Fachbereich Veterinärmedizin



    Modelling the porcine oviduct epithelium:
    a polarized in vitro system suitable for long-term cultivation (2011)

    Zeitschriftenartikel / wissenschaftlicher Beitrag
    Miessen, K
    Sharbati, S
    Einspanier, R
    Schoen, J
    Theriogenology; 76(5) — S. 900–910
    ISSN: 0093-691x
    DOI: 10.1016/j.theriogenology.2011.04.021
    Pubmed: 21719086
    Institut für Veterinär-Biochemie

    Oertzenweg 19 b
    14163 Berlin
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    Abstract / Zusammenfassung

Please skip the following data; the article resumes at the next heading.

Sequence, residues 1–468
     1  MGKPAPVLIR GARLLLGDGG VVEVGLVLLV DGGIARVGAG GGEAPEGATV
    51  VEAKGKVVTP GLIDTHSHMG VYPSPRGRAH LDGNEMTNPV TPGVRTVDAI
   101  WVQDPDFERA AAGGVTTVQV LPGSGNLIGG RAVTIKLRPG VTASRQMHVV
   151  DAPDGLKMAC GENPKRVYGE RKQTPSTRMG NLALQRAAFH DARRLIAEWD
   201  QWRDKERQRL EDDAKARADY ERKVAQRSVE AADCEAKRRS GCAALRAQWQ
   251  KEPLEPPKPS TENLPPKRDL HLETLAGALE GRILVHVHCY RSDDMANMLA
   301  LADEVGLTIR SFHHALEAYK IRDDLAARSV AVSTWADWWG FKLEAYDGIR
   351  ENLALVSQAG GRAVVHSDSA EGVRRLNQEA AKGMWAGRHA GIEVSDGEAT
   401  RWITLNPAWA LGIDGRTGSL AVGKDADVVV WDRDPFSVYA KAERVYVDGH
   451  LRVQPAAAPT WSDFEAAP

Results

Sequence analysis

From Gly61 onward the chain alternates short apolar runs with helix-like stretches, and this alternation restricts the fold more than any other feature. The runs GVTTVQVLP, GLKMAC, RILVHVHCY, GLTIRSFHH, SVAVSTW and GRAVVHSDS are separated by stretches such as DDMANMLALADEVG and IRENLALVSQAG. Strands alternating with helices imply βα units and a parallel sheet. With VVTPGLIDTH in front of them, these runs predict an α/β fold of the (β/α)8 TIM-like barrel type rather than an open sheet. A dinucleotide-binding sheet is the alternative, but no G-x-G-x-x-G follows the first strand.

For exploring the processes leading to successful reproduction, differentiated long-term in vitro systems modelling the mammalian oviduct are needed. Therefore, in the present study culture conditions for primary porcine oviductal epithelial cells were optimized with regard to morphological differentiation and usability for extended cultivation periods. To evaluate different growth media for the primary cells, we used morphological criteria as well as real-time impedance measurement. After an initial media testing, the cells were grown on hanging membranes and the culture settings (conventionally cultured, serum gradient over the membrane and air-liquid interface) were assessed by histology and electron microscopy. We proved long-term expression of an oviduct specific marker (oviductal glycoprotein 1) and showed a hormone responsiveness of the culture system by means of quantitative reverse transcription-PCR. Differentiated epithelial cells could reproducibly be cultured up to 6 weeks in an air-liquid interface. After 3 weeks of culturing, the cells were clearly polarized and exhibited cilia. The model maintains physiological properties such as morphological features (mixed cell population of ciliated and secretory cells, apical cell-cell contacts typical for columnar epithelial cells) and oviduct-specific markers showing hormone responsiveness. We established a polarized long-term in vitro-system of the porcine oviductal epithelium preserving detailed features of the porcine oviduct. Therefore, we provide a useful tool to elucidate unsolved scientific questions concerning reproductive physiology.